What are the consequences to a Foreign Financial Institution of not complying with FATCA?

In countries with intergovernmental agreements (IGAs), FFIs will be required under local legislation to comply.

In non-IGA countries, a 30% U.S. withholding tax will be deducted from U.S.-source payments (and potentially non-U.S. source payments in future) received by foreign financial institutions (FFIs) if they do not enter into FFI Agreements with the IRS. This includes payments received by FFIs either on their own account or on account of their clients.

When will FATCA apply?

FATCA takes effect on July 1st, 2014

Will ECAB comply with FATCA?

ECAB is working through the Antigua Barbuda Bankers' Association and the Eastern Caribbean Central Bank, other industry organizations and local governments to share issues and concerns with the U.S. Treasury and the IRS. This effort is aimed at managing the implementation and ongoing compliance burden of FATCA and moving towards compliance beginning in July 2014. ECAB's internal FATCA Project team is mobilizing people, processes and technology across the enterprise to meet FATCA requirements. We will provide further information to our impacted clients as required.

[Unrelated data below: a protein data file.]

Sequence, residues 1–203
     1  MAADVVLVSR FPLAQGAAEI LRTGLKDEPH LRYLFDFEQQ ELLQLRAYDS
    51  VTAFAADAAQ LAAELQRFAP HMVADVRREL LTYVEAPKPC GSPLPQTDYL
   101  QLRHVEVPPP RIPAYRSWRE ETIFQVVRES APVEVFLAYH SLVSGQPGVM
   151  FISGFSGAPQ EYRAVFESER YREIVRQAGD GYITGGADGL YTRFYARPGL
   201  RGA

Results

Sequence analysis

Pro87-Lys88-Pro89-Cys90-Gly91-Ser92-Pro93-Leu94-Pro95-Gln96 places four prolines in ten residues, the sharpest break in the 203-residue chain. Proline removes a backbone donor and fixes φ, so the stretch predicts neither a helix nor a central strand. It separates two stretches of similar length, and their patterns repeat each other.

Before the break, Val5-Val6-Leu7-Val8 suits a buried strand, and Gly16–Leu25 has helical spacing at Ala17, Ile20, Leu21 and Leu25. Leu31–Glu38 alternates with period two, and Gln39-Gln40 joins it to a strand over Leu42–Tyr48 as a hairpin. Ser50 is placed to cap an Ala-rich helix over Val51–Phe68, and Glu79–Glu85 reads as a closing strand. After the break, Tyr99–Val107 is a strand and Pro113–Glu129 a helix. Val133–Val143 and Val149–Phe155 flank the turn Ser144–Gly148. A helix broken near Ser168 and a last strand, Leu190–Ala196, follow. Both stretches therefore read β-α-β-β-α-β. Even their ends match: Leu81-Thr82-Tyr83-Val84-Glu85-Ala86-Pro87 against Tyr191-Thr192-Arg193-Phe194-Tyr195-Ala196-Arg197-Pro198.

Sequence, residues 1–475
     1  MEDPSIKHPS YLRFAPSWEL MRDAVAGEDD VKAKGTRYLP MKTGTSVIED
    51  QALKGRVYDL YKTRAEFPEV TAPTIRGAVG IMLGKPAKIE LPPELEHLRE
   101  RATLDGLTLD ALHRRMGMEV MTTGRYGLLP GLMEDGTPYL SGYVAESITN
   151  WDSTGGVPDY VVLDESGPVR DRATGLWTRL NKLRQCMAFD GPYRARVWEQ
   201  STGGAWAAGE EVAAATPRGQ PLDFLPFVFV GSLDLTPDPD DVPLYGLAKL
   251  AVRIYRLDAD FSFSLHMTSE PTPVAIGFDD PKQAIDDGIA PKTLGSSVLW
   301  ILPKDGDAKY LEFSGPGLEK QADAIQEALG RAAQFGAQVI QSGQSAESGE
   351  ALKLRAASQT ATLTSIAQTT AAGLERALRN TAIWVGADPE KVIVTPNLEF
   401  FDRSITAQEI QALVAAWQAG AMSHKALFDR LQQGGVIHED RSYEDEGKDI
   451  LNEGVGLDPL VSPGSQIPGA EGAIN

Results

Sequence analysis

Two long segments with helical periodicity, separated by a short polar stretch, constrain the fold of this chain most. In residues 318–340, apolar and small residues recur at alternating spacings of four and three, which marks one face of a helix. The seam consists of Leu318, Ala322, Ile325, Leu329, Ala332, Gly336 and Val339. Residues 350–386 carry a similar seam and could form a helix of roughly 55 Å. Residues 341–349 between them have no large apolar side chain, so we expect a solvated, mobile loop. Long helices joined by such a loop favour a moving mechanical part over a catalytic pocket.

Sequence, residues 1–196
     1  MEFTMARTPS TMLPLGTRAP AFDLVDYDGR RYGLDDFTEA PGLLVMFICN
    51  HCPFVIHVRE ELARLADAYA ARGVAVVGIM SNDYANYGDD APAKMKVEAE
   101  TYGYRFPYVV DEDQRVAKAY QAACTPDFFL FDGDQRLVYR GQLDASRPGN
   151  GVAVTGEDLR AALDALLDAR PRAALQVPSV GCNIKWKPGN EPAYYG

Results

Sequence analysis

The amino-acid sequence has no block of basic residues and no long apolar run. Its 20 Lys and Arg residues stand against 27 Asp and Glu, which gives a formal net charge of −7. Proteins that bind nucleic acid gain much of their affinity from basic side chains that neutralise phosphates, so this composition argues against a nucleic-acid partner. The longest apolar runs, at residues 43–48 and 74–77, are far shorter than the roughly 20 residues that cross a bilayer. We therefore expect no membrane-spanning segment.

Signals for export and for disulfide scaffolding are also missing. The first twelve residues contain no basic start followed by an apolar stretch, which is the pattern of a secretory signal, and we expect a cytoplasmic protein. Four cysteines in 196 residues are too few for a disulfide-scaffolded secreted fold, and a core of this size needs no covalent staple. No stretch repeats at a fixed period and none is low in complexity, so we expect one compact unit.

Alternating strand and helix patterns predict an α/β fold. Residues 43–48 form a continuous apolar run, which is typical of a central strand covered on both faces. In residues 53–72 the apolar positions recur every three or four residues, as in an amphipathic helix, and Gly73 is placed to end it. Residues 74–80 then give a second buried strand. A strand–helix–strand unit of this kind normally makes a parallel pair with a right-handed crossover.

Client FAQs

I am not a U.S. person. What does FATCA mean for me?

In most cases, FATCA should have little impact. If you have an existing account and there is an indication that you may be a U.S. person, or if you are opening a new account, ECAB may ask you to provide additional information, documentation and to sign a disclosure to demonstrate that you are not a U.S. person.

I am a U.S. person. What does FATCA mean for me?